Developing a corporate security policy — whether it involves antivirus software, safe passwords or personal firewalls — means striking a balance between securing network resources and minimizing user inconvenience.
Part of designing a security policy in Windows is configuring the parameters associated with "account security."
Although systems administrators know the technical details, it is important for IT managers to know how they work so they can make the right decision when determining the configuration settings. Some decisions regarding security policies can compromise overall security because admins tend to favor the solution that solves the problem rather than the one that ensures system security.
These settings are defined in the security section of Group Policy and are referred to as "account policies." An important feature of the account policies is that they can be defined only at the domain level to be effective on domain accounts. That means you cannot define a password policy for individual organizational units. Everyone in the domain uses the same policy.
There is a way in Windows 2008 to apply it more granularly, however. Let's examine the settings of each of these policies, their effect on the overall security strategy and their recommended values.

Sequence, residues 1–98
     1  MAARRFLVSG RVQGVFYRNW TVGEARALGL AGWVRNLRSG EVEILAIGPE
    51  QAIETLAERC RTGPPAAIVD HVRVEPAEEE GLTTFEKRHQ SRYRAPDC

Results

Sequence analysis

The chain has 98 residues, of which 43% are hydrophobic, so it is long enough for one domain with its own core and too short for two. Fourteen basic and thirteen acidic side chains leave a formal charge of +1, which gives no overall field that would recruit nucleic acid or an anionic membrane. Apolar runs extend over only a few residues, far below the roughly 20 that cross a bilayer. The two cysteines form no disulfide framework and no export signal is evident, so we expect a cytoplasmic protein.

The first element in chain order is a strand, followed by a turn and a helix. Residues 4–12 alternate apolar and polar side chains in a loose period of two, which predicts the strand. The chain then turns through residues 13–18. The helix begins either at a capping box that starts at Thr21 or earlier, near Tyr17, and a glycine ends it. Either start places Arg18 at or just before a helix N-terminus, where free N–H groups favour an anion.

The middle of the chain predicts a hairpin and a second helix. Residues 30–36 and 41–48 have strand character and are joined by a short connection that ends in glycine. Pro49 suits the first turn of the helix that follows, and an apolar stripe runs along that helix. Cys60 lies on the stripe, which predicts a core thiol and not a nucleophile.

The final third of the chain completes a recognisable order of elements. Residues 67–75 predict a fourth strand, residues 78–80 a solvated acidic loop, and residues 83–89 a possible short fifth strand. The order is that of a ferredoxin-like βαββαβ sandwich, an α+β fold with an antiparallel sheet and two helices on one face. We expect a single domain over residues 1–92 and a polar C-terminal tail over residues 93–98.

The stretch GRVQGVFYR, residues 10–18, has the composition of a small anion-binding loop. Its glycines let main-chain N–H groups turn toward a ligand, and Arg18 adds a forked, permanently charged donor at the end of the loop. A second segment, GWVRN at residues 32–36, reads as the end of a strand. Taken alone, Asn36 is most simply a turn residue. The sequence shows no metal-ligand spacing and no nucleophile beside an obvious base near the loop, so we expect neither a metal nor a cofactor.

Password policies define characteristics of a password:
Password history – This is the number of used passwords that can be stored before they can be reused again. For instance, if this value is set at 10, then the password needs to be set 10 times before it can be reused. This is a major pain for users as it regularly forces them to come up with new passwords, which they will likely forget. However some rotation of passwords is needed to make it hard to guess and to prevent reuse if the password is compromised.
Default setting: 24
Recommended setting: 10
Maximum password age – This is the maximum number of days that a password may be used before it is changed. Again, this is irritating for users because they must think up new passwords on a regular basis.
This value varies. The goal here is to set it to a low enough value to prevent giving a password cracker time to break the password, yet high enough to minimize the disruption to the user. The typical setting is between 60 and 90 days, although I've seen some set it as low as 40 days.
When combined with the password history, a setting of 90 days along with a history of 10 passwords, means it would be about three years before a user could use a password again, assuming the user waited the full 90 days before changing the password. Default setting: 42 Recommended setting: 60 to 90 days
This is probably the most common setting rather than "recommended." The longer it is, the less impact it will have on users. Sixty to 90 days is reasonable for a seven- to eight-character password.
Minimum password age – The age setting defines the minimum length of time in days that a password must be active before it can be changed. This prevents creative users from changing their passwords 10 times in a few minutes so they can keep their old passwords and effectively disable password history. In the worst-case scenario, if the minimum password age is set at 10 days and the password history is set at10 passwords, then it would require 100 days minimum to reuse a password. Default setting: 1 day Recommended setting: 1 day